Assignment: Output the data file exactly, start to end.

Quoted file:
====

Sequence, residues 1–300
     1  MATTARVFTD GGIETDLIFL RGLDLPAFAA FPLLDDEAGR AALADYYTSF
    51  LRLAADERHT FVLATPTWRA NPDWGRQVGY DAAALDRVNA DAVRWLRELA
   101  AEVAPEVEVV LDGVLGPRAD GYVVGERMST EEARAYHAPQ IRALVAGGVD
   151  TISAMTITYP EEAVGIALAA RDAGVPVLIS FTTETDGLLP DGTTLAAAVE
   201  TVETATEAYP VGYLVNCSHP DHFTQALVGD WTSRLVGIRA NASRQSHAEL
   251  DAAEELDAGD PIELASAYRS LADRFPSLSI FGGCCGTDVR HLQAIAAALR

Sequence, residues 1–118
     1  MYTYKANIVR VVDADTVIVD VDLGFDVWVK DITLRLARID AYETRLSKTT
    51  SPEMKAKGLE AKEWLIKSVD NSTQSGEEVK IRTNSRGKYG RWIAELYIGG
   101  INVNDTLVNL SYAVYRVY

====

Sequence, residues 1–300
     1  MATTARVFTD GGIETDLIFL RGLDLPAFAA FPLLDDEAGR AALADYYTSF
    51  LRLAADERHT FVLATPTWRA NPDWGRQVGY DAAALDRVNA DAVRWLRELA
   101  AEVAPEVEVV LDGVLGPRAD GYVVGERMST EEARAYHAPQ IRALVAGGVD
   151  TISAMTITYP EEAVGIALAA RDAGVPVLIS FTTETDGLLP DGTTLAAAVE
   201  TVETATEAYP VGYLVNCSHP DHFTQALVGD WTSRLVGIRA NASRQSHAEL
   251  DAAEELDAGD PIELASAYRS LADRFPSLSI FGGCCGTDVR HLQAIAAALR

Sequence, residues 1–118
     1  MYTYKANIVR VVDADTVIVD VDLGFDVWVK DITLRLARID AYETRLSKTT
    51  SPEMKAKGLE AKEWLIKSVD NSTQSGEEVK IRTNSRGKYG RWIAELYIGG
   101  INVNDTLVNL SYAVYRVY